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Holliday or Halladay? It's a tough call
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Ken Rosenthal and Jon Paul Morosi have their fingers on the pulse of the MLB offseason news. Get all the |
AGEHolliday turns 30 next month and appears to be in the middle of his prime, having averaged 151 games a season in the last three years. He's durable and strong (6-4, 235 pounds) and barring any unforeseen injuries, projects a clean bill of health to any team signing him. Halladay, on the other hand, will pitch at 33 for most of next year, and although he, too, has been durable, the wear and tear will be of far greater concern to his new team. One talent evaluator said, "It's a lot easier to predict the health of a position player than a pitcher, especially if the position player is a couple of years younger." Halladay has thrown 710.1 innings over the last three seasons. The only pitcher who has more is CC Sabathia, who's totaled 779.1, including the postseason. The mitigating factor is Halladay has a deep arsenal and could continue to dominate even after his fastball recedes.
COSTThe obvious advantage is Holliday's since his cost is limited to cash only. Acquiring Halladay means surrendering multiple prospects and then negotiating a multiyear deal. That alone is enough to limit the field to the Yankees, Red Sox and Phillies. Holliday is being shopped at around $23 million per, and it appears as though the Cardinals are out of the running. According to the St. Louis Post-Dispatch, GM John Mozeliak is dropping hints that he can't afford both Holliday and Albert Pujols (who's a free agent after 2011) and still keep the team's payroll around $100 million. The Cardinals gambled heavily on Holliday, hoping his partial-season rental would've been enough for a championship. Instead, they shipped several prospects to the A's, including blue chipper Brett Wallace, a third baseman. That failed swap has heightened the interest in Holliday, notably in Boston, where GM Theo Epstein is said to favor him over Jason Bay. But the Sox are in no hurry to make an offer to Boras, lest he take that to the Yankees.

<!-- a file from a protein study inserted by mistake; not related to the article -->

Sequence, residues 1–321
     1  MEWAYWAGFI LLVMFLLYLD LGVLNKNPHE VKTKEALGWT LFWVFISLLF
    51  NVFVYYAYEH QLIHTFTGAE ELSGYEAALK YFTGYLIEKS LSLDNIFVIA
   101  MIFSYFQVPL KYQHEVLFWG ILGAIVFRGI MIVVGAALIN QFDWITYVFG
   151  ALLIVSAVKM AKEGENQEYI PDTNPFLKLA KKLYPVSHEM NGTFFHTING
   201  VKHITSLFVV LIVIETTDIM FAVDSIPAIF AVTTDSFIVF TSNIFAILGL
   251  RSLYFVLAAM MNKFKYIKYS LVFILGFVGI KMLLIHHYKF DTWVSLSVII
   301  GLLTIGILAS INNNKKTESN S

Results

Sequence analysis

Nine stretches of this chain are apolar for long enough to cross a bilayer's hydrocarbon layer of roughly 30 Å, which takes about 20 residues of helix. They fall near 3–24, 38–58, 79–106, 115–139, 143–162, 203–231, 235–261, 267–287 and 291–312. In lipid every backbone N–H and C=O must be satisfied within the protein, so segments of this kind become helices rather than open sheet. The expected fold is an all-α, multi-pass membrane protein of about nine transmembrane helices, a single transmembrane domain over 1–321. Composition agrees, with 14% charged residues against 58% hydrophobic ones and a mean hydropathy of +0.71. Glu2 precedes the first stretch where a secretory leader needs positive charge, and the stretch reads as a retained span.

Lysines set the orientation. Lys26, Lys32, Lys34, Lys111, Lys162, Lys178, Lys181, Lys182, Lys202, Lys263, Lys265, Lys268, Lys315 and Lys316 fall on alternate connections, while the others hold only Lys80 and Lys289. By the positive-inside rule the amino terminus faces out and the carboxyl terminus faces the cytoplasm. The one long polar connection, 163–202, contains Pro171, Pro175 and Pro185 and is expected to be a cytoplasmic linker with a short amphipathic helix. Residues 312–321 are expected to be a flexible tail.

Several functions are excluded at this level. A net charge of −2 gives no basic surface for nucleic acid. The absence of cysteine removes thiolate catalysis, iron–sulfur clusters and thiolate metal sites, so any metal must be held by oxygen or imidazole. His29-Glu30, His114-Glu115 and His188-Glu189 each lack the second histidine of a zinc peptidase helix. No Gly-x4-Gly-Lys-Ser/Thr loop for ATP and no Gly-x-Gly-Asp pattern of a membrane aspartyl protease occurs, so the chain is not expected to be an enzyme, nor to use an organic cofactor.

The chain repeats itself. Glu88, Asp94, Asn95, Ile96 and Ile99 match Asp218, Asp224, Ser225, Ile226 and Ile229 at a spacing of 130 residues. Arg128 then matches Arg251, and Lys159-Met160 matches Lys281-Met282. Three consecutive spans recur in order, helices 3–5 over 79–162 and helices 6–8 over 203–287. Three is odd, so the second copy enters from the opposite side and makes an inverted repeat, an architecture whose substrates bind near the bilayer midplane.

IMPACTThere's no easy choice, as both players figure to vastly improve whatever team they join. Holliday's power numbers dropped predictably after leaving Colorado, going deep just once every 33 at-bats with the A's. But one talent evaluator said, "It's too small of a sample size" to say Holliday failed in the American League. "He would've come around (for the A's), he's just too good of a hitter not to," said the scout. Holliday redeemed himself with a second-half surge in St. Louis, batting .353 while cutting that HR ratio to one every 18 at-bats. His postseason mistakes aside, Holliday is considered a very good defender with a strong, accurate arm. Halladay's résumé speaks for itself, particularly in how he could help the Red Sox: according to the Elias Sports Bureau, Halladay's .750 winning percentage against the Yankees ranks third all-time among pitchers with at least 20 decisions against them. Overall, he's won more games than any pitcher in baseball since 2006 (69). One executive, however, is wary of Halladay for precisely that extensive body of work. "How many pitchers stay at a Cy Young level into their mid to late 30s?" he asked.